It took 10 years for Hay River's Dawn Loutit to get her name on the waiting list for a double lung transplant. Two weeks ago, she got the call she'd been waiting for: she was eligible for the operation.

But there was a problem.

Her procedure requires Loutit to be available for surgery on short notice. Staying in Hay River would be impossible. Loutit would have to move to Edmonton for two to three years, and pay for rent, travel, and medical costs.

If she couldn't move to Edmonton, she would lose her place on the wait list.

"I've been waiting for 10 years, and I finally got the chance to get on the list. But what's holding me back is funding," said Loutit.

Loutit hasn't been able to work in more than ten years because her lungs only operate at 24 per cent capacity.

"I can't do anything with my kids anymore or my grandbabies," said Loutit. "I can only walk a short distance. I can't climb stairs without stopping and taking a while to breathe."

Loutit said she could "stay here and die, or go south and fight."

Gap in policy

She called her MLA, Rocky Simpson, to see if he could help her get funding. Simpson contacted Glen Abernethy, minister of health, to see what could be done to help Loutit. Simpson said Abernethy responded after two weeks, when Simpson told him he would be speaking to the media about Loutit's situation.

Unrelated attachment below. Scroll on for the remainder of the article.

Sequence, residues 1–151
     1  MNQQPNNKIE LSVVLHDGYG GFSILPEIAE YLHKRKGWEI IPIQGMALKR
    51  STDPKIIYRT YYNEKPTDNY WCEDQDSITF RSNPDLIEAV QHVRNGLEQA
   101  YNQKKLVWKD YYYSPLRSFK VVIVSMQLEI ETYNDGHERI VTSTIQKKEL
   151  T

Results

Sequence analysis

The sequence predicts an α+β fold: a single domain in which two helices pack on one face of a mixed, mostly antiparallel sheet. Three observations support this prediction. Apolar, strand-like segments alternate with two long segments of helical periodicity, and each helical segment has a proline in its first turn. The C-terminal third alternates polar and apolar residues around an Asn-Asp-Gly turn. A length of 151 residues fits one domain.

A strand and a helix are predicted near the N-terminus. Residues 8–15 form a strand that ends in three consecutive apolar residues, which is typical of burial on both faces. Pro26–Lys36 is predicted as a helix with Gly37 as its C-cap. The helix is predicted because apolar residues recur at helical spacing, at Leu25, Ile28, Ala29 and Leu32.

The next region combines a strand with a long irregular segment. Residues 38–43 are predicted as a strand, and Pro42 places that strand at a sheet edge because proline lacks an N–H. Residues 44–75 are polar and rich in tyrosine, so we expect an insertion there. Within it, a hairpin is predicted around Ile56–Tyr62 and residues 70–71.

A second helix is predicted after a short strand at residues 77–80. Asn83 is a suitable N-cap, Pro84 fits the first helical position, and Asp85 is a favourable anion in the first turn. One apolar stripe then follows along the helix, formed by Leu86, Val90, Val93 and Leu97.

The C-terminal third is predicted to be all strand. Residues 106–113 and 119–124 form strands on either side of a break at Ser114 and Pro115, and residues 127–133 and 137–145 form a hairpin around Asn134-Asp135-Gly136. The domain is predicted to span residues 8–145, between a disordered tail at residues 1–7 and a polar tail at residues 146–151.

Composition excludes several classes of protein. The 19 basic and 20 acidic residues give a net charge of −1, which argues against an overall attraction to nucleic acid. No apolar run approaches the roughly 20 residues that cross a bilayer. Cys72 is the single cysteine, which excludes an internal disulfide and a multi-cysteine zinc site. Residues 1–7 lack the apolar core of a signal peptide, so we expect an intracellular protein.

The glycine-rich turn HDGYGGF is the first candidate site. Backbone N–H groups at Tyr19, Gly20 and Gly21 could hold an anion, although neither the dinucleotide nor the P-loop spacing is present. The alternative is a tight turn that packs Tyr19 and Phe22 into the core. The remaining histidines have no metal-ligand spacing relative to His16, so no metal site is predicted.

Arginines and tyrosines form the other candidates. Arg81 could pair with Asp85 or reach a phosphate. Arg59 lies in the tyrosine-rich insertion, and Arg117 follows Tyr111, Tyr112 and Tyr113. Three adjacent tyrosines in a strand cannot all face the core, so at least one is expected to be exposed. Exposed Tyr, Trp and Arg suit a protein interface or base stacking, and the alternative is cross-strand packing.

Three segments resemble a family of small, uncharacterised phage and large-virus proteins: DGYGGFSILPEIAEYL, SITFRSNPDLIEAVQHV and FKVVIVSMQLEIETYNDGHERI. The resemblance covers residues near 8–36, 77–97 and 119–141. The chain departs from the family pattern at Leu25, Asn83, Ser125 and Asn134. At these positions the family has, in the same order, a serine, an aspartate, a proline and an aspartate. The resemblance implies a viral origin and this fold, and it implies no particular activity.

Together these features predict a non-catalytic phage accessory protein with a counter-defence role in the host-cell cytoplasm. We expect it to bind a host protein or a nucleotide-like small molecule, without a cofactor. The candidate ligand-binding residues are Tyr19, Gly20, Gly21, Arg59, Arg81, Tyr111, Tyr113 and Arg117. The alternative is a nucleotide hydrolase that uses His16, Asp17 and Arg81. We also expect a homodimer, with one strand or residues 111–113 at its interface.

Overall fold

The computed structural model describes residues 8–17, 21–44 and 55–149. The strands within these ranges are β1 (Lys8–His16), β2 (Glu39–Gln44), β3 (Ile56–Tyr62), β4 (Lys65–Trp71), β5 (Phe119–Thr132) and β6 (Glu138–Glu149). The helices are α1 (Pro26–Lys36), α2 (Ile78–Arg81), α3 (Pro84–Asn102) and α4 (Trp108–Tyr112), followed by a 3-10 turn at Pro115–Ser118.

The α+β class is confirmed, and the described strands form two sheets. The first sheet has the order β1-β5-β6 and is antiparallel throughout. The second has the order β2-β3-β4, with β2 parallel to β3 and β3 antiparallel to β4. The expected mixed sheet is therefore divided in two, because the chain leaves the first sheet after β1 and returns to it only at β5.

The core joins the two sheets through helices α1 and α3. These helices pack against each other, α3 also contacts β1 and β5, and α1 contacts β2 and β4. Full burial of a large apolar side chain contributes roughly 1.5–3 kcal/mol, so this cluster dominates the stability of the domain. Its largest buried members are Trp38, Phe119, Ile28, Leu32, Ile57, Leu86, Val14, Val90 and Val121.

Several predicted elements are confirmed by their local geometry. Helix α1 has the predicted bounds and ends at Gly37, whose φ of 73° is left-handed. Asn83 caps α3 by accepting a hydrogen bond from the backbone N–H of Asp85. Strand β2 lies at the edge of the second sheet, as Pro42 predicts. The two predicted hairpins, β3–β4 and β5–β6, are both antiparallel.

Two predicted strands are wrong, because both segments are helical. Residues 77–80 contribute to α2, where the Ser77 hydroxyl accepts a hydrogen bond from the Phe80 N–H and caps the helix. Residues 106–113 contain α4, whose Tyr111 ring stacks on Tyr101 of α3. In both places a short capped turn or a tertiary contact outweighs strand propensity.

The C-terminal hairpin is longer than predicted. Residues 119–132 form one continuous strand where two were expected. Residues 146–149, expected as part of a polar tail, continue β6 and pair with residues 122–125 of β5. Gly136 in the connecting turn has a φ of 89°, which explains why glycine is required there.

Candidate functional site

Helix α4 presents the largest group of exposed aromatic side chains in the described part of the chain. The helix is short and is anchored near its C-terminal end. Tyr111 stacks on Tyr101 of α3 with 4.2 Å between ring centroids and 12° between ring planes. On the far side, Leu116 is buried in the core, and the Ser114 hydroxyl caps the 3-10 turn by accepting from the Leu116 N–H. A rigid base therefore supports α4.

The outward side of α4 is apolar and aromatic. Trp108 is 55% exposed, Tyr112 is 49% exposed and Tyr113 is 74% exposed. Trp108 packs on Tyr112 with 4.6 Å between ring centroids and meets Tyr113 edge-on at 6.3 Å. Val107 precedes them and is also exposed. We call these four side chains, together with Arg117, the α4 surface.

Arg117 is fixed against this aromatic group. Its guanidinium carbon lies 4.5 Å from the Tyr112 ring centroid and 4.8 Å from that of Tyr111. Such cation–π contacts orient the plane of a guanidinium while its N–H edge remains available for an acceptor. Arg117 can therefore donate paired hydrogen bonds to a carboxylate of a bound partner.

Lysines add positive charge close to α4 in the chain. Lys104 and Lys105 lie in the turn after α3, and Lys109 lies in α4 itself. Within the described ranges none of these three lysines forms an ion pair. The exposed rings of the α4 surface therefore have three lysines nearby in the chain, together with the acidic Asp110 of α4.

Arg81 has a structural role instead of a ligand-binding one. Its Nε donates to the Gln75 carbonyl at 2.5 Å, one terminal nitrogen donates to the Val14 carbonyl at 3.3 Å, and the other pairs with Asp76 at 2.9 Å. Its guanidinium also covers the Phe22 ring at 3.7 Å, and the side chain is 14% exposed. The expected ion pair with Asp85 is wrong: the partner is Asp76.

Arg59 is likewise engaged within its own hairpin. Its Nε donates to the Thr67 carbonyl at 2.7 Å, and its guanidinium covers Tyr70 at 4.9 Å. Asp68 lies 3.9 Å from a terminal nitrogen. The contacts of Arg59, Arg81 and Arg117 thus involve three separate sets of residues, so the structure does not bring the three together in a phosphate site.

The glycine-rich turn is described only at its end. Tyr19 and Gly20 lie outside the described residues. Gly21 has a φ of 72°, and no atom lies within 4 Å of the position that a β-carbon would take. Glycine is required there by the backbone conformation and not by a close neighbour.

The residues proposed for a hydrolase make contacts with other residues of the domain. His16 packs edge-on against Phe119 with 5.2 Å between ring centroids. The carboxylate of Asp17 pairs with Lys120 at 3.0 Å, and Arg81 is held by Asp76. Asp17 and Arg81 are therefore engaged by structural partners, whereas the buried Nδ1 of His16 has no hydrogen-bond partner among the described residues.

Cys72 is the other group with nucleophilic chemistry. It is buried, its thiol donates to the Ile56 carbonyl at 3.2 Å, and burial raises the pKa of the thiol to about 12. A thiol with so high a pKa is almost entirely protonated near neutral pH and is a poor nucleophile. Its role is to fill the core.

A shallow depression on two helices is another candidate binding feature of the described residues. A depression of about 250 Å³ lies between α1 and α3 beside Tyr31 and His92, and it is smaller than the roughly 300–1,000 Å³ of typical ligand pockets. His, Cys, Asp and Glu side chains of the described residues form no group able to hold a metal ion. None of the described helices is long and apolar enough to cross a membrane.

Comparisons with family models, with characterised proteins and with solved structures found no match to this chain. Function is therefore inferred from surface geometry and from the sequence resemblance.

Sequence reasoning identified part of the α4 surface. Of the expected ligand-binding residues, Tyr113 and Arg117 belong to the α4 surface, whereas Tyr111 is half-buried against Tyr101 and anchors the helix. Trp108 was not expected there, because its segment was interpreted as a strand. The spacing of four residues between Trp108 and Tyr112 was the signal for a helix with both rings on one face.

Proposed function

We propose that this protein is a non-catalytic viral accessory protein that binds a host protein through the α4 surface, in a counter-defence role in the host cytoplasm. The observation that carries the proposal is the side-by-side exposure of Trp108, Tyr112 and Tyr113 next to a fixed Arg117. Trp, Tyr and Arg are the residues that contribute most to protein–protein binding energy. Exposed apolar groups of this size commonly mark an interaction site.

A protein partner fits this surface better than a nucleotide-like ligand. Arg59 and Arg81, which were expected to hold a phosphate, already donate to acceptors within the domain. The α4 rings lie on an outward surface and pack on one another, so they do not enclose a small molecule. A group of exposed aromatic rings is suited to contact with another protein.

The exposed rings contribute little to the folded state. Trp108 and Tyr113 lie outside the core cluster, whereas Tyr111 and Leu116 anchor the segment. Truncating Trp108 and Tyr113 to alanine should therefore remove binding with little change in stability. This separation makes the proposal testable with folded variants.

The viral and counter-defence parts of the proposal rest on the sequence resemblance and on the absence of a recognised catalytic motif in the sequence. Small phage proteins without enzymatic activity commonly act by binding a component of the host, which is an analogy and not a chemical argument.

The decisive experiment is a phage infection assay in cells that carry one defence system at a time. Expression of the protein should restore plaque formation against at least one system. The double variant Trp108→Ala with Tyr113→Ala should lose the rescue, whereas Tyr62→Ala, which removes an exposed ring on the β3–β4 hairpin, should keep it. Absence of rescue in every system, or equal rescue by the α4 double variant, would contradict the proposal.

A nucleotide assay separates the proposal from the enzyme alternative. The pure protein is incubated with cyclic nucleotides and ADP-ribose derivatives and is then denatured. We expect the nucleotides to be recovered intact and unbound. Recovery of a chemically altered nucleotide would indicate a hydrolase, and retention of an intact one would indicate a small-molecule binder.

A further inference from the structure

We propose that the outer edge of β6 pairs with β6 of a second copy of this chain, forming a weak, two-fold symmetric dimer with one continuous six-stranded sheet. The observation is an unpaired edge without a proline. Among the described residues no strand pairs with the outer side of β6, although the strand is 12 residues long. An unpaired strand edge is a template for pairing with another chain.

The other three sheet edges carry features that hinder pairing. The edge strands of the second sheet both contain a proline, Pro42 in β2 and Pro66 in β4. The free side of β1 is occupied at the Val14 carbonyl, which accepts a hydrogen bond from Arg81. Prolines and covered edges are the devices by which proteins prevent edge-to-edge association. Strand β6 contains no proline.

R.J. Simpson

R.J. Simpson, MLA for Hay River North, took up Dawn Loutit's cause with the department of N.W.T. Department of Health. (CBC)

"The minister says there's a gap in policy because this is such a rare case," Simpson said. He said medical travel doesn't cover indefinite moves away for medical treatment.

Debbie DeLancey, deputy minister for the Department of Health and Social Services said the gap exists because this kind of situation is so rare.

"Fifteen or 20 years ago the need for someone to relocate for treatment was almost unheard of, but with the advances in medicine… this is something that's starting to be more of the landscape," she said.

DeLancey said there is a policy for medical travel, but there is no policy for relocation. So, these situations are dealt with on a case-by-case basis.

Over her six years as deputy minister, DeLancey said she's aware of no more than half a dozen cases like this.

Medical relocation was put on the list of policy updates two years ago. But it's difficult to create a policy for relocation because each situation is unique, DeLancey said.

In Loutit's case, the territorial government will give her one year of extended medical benefits, and $68 a day for rent.

It's not clear exactly how all costs related to Loutit's relocation will be met, including up-front costs like a damage deposit and setting up utilities, but Simpson said he's been assured her needs would be met and she'll be able to get the transplant.

Loutit said her life is a daily struggle with her lungs they way they are.

"I pray and cry every night," she said, before she learned she would be covered to move to Edmonton and be available for the transplant surgery.

"I was relieved," Loutit said after learning the news. "I went to sleep without tears in my eyes."

Loutit's funding will be re-evaluated in one year.